1. Attendance Policy: (10 pts). I take attendance by in-class Writing Assignments and by roll sheets. The only excused absences are those required by Washington College (i.e., athletic events) and religious observances. I must have written notice 48 hours before the absence takes place. Grading for attendance is as follows:

0: 10pts          1: 9 pts       2: 8 pts    3: 7 pts     4: 6 pts.   5: 5 pts. 6: 4 pts. 7: 0 pts.

All students will meet with me at least once outside of class in conference about their writing. If you miss this conference, it will count as an absence.


  1. Participation (10pts): This comprises all interactions with me and with your peers. If it becomes clear to me that the class is not doing the reading, I may resort to quizzes that will factor into your Professionalism grade. Also, as I say above, you can be intellectually absent just as you can be physically absent: if it is clear to me that you have not done the reading, I will dismiss you from class and mark you as absent. All students must have an email address and check it at least once daily. If I send you an individual email about a matter, I expect a response back within 24 hours. I understand that some of you may find public speaking difficult. Please keep in mind, however, that learning is not supposed to be an entirely painless process. To give you an idea of my assessment of class participation:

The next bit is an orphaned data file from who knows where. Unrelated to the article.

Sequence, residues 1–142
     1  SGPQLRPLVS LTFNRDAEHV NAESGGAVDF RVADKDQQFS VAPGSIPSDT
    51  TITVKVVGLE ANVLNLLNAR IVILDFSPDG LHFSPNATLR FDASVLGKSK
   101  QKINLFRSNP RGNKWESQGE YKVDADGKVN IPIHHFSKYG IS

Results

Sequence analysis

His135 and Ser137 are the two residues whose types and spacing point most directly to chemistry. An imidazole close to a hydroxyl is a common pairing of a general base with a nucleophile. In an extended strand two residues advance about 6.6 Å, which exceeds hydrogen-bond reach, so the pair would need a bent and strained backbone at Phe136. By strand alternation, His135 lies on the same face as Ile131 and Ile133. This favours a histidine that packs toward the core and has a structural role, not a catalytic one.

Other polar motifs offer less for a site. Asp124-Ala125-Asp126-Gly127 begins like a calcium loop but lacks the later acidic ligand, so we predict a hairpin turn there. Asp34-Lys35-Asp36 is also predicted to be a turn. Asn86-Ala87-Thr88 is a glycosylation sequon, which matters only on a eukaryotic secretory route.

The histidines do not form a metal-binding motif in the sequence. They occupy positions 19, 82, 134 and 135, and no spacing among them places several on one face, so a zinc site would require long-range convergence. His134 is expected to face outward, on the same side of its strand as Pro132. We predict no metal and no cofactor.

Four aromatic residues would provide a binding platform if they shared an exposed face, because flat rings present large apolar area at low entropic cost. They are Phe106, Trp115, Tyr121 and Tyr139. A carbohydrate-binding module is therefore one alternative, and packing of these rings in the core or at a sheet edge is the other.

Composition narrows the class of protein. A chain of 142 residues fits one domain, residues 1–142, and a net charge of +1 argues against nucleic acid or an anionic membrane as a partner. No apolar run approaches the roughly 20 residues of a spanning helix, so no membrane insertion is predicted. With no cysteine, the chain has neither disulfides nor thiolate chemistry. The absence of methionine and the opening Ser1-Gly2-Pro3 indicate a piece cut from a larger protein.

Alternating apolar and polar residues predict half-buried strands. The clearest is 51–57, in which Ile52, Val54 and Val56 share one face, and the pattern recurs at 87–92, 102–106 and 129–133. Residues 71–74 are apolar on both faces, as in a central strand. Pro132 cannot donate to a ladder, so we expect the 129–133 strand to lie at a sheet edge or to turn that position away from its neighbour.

• If you say almost nothing on most days: 0 – 1 points.
  • If you make 1 helpful contribution on most days: 2-4 points.
  • If you make 2 helpful contributions on most days: 5-7 points.
  • If you make 3 helpful contributions on most days: 8 points.
  • If you make countless helpful contributions every day: 9-10 points.

Good participation is a matter of quantity and also quality.


Make sure you come to Workshop prepared to talk intelligently and constructively about the work. On days that workshop material is due, you will upload the piece to Canvas. If you have difficulty uploading it, you may email me the piece as an attachment (.doc, .docx, or .rtf files only please) and pasted into the email itself. I will always acknowledge receipt of your email with one of my own. If I don't acknowledge that I received your emailed piece, it's because I didn't receive it. The responsibility is yours; be sure I receive your work.


If you turn in late work, I will dock your Professionalism grade. For each assignment turned in late (even drafts), you will be eligible for 1 point less on your Participation grade. So, if you turn in your Anthology one day (not one class day) late, you will only be eligible for 9 points of Participation.